The cover article of the new March – April edition of Harvard Business Review* is on Better Brainstorming and includes a number of interesting ideas. It’s written by Hal Gregersen, who is a faculty member at MIT and author of a forthcoming book, Questions are the Answer.
Gregerson has invented a process he calls “Question Burst” which focuses the brainstorming process on generating questions that are central to a problem or opportunity, rather than answers. In his consulting work with major companies, he has found this method as a better path to solutions. Here’s a summary of the process:
1. Set the Stage. First, invite just a few people to participate in the process and give them a very brief summary of the problem or opportunity that you are thinking about. Try to invite people who may have different perspectives from you and one another.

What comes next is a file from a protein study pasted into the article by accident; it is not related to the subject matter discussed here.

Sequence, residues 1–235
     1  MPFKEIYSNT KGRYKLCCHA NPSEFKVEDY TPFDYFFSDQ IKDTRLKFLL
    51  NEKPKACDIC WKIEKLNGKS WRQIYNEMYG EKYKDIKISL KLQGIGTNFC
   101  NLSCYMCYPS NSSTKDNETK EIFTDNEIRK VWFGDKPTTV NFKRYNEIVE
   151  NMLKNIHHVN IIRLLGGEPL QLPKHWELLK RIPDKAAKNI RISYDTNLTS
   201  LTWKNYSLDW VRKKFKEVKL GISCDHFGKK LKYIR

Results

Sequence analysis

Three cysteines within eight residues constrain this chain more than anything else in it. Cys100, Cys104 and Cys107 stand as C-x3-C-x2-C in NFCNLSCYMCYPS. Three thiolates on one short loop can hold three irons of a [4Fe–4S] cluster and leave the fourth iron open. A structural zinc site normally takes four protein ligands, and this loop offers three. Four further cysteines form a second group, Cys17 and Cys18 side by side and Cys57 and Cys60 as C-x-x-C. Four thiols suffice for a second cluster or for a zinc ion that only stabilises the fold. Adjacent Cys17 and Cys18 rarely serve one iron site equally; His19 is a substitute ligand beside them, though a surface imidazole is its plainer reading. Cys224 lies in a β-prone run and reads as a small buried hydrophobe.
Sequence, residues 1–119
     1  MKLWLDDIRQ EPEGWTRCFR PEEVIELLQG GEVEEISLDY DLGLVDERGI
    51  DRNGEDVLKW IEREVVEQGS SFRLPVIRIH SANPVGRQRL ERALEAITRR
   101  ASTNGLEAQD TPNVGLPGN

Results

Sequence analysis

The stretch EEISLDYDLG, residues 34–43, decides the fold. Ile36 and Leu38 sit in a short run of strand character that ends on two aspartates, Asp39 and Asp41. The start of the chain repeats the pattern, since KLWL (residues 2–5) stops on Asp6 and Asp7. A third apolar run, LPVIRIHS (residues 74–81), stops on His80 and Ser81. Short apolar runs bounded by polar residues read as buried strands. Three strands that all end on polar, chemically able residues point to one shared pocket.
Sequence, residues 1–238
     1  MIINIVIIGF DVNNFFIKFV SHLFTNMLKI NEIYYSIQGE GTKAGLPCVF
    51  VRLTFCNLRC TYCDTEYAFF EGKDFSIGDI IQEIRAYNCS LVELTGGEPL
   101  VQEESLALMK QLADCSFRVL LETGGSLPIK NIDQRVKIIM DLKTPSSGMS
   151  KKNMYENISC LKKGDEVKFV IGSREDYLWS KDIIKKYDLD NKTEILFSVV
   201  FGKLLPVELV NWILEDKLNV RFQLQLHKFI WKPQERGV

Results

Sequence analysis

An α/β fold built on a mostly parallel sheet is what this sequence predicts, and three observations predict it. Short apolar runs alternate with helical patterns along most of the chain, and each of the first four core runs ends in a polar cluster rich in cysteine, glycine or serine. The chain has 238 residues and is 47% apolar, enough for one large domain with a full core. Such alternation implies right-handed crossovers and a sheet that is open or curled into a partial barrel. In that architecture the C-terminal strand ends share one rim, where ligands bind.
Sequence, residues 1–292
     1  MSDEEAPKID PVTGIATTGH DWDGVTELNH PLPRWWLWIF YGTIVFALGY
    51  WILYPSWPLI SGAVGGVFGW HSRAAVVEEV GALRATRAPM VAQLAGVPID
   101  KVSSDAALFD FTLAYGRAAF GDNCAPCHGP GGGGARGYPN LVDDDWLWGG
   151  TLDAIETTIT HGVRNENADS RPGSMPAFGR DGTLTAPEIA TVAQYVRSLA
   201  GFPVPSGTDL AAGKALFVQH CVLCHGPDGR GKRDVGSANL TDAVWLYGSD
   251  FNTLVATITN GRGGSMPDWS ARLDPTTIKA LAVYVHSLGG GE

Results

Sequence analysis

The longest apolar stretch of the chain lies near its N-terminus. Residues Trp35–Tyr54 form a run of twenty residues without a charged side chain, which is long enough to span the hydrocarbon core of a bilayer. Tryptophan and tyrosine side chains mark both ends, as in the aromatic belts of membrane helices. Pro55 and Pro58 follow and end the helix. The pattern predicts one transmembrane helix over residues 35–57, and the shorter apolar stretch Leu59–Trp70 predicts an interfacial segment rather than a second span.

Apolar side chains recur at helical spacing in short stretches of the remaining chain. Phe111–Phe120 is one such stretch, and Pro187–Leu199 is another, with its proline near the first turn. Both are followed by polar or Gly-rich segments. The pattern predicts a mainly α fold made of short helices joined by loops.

Rules of engagement: people are only allowed to list questions, not solutions, and they are just to state the question – not provide a long justification/explanation.
2. Brainstorm the Questions. Set a timer for only four minutes and challenge everyone to get as many questions out as possible in that limited time – aim for at least fifteen good questions. Focus on quantity.
Invite a couple more small groups to do the same exercise over a few more days.
3. Identify a quest – and commit to it. After some time, identify the questions that you feel frame the problem or challenge the best and then set out to solve the questions. Gregersen says that doing this activity over time can help people become better at asking questions, which is vital to innovation.
Of course, the key is follow-up and really focusing on making sure you get your answers to the key questions.
It sounds like an interesting exercise worth trying. Good luck at asking great questions and having successful brain hurricanes that lead to innovative Mission Impact.
*”Better Brainstorming,” Harvard Business Review, March – April 2018, pp. 64 – 71.